3. Crowd-Sourcing Tech To Track Rape Assaults

The civil war in Syria is such a chaos that it created a perfect environment for many women to be sexually assaulted. These issues are rarely brought to light, and fighting them is even harder. A non-profit organization, The Women’s Media Center, has recently introduced their project called Women Under Siege, which uses crowd-sourced map to help track every rape incident. The program primarily aims at showing at a map where exactly a crime happens and draw attention to them, and later build a documentation base that could serve as evidence in case of legal trials.

There are several ways, in which the company receives reports about the assaults:  people can use the submission form on the official website, and email reports on Twitter using hashtag #RapeinSyria; however the greater part of the job is done by the organization itself – findings are pulled out through news and articles on BBC and Al Jazeera, and from organizations like Human Rights Watch, International Rescue Committee, and United Nations.

Lauren Wolfe, the director of Women Under Siege, says that they have seen reports on truly horrifying stories of women being raped and killed in Syria, so their program works hard on pinpointing the abuses and ensuring that the women receive all necessary help and psychological support.

 

4. Petition To Examine The Judge Who Denied Abortion For A 16-Year Old

Abortion rights of women are becoming a subject of hot discussions and even attempts to shut down companies that provide reproductive health services, like Planned Parenthood. However, some events happen on a local basis – like the one in Nebraska. The state’s judge Peter Bataillon has received national attention after he rejected the right for abortion of a 16-year old girl, primarily because of his personal beliefs. Bataillon considered the young girl to be not mature enough to make decision about abortion. His opinion was seemingly ambiguous, because how a 16-year old teen may not be old enough to get an abortion, but be old enough to raise a child?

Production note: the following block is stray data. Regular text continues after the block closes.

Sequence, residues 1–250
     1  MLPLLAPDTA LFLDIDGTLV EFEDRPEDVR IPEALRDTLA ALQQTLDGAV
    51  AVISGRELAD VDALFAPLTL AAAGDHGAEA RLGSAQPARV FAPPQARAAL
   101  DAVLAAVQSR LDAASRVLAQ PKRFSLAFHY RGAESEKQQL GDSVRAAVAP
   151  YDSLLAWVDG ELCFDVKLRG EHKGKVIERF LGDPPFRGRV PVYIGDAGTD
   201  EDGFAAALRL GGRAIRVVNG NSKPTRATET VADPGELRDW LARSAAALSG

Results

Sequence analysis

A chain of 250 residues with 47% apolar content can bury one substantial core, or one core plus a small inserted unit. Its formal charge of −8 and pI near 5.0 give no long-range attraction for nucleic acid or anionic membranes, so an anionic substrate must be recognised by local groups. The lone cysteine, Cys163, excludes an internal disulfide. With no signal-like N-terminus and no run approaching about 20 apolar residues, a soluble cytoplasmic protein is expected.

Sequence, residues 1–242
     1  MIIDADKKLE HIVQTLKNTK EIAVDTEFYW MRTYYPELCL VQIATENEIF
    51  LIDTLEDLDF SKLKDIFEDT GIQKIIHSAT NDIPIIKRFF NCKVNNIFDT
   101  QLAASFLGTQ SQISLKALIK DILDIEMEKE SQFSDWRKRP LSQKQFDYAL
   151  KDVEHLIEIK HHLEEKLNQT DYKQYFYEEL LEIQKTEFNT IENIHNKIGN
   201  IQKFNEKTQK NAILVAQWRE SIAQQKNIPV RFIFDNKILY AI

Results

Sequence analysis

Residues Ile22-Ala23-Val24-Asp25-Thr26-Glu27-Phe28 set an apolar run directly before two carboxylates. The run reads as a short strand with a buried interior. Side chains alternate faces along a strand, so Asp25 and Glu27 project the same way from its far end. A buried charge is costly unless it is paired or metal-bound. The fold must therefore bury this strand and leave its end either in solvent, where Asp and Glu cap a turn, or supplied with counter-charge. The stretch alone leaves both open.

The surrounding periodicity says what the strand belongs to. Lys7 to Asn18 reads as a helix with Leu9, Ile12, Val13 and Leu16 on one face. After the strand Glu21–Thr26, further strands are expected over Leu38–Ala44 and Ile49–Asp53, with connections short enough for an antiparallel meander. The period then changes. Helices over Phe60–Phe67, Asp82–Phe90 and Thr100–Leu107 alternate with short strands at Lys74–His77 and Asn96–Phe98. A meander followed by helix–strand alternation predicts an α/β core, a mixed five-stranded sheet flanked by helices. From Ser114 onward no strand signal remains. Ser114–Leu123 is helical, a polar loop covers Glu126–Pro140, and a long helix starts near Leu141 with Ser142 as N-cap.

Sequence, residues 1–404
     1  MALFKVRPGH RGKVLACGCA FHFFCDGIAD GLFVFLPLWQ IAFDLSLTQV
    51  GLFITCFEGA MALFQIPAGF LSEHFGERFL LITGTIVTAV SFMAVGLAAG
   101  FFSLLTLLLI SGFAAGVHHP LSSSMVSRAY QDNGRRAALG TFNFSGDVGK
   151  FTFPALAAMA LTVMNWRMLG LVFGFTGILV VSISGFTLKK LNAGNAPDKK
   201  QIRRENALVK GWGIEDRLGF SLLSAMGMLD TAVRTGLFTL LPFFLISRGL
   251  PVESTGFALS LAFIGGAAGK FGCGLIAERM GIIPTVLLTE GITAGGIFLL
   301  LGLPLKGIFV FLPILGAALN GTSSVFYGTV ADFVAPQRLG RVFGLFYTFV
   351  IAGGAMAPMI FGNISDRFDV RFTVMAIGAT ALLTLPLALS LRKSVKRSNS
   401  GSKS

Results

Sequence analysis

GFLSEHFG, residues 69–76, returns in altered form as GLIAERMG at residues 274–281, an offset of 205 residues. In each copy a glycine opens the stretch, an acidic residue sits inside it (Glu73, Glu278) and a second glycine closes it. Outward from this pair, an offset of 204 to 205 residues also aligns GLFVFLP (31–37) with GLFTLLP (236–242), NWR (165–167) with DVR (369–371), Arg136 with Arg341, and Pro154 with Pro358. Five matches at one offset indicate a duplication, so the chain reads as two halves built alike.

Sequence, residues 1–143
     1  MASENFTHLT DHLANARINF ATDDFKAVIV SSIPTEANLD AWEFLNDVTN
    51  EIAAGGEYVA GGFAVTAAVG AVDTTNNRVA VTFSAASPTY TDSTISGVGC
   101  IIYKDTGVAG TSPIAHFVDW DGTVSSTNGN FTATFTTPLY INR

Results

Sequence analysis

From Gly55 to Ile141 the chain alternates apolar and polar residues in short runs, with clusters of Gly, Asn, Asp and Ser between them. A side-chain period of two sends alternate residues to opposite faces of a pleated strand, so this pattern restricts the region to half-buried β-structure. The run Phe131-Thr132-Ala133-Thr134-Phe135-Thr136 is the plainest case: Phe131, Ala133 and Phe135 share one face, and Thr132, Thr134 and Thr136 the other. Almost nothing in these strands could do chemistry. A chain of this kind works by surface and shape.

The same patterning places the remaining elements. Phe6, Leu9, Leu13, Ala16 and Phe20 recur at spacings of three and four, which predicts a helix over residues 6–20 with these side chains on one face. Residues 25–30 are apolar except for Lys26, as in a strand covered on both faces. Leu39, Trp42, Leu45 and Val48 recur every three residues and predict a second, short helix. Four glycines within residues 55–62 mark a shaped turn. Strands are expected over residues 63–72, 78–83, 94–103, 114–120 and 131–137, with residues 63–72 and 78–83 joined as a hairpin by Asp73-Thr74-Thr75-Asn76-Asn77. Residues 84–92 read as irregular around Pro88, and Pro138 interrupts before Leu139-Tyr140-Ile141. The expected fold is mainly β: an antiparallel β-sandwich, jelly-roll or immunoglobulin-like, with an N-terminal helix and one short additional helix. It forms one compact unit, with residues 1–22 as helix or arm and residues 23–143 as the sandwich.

Three companies – NARAL Pro-Choice America, RH Reality Check and CREDO – united in their aim to have some influence on Nebraska Commission to investigate the judge and possibly litigate the decision. The companies have spread the petition, which received more than 89,000 signatures, however even this was not enough to make the Commission make an investigation on the judge.

“This judge, like so many others around the country, blatantly chose to put his personal ideology above the rule of law. This unethical behavior should send a chill down every American’s spine who relies on the courts to uphold our basic freedoms,” – said Ilyse Hogue, NARAL president. Although the petition did not succeed in bringing justice to the issue, the activism brought by those companies is a great deal to bring events like this to public awareness.

 

5. UN Women Takes Upon Gender Inequality In Google Searches

Greatly alarmed by the amount of digital representations of gender inequality found in such simple places as Google search engine, UN Women decided to take action and created a series of ads, which use genuine Google searches to reveal how widespread and prevailing the sexism and women discrimination are. Basing the campaigns on the searches of 2013, UN Women shows how much women are exposed to negative stereotypes and open denial of women’s rights.

“When we came across these searches, we were shocked by how negative they were and decided we had to do something with them,” – said Christopher Hunt, Art Director of the creative team.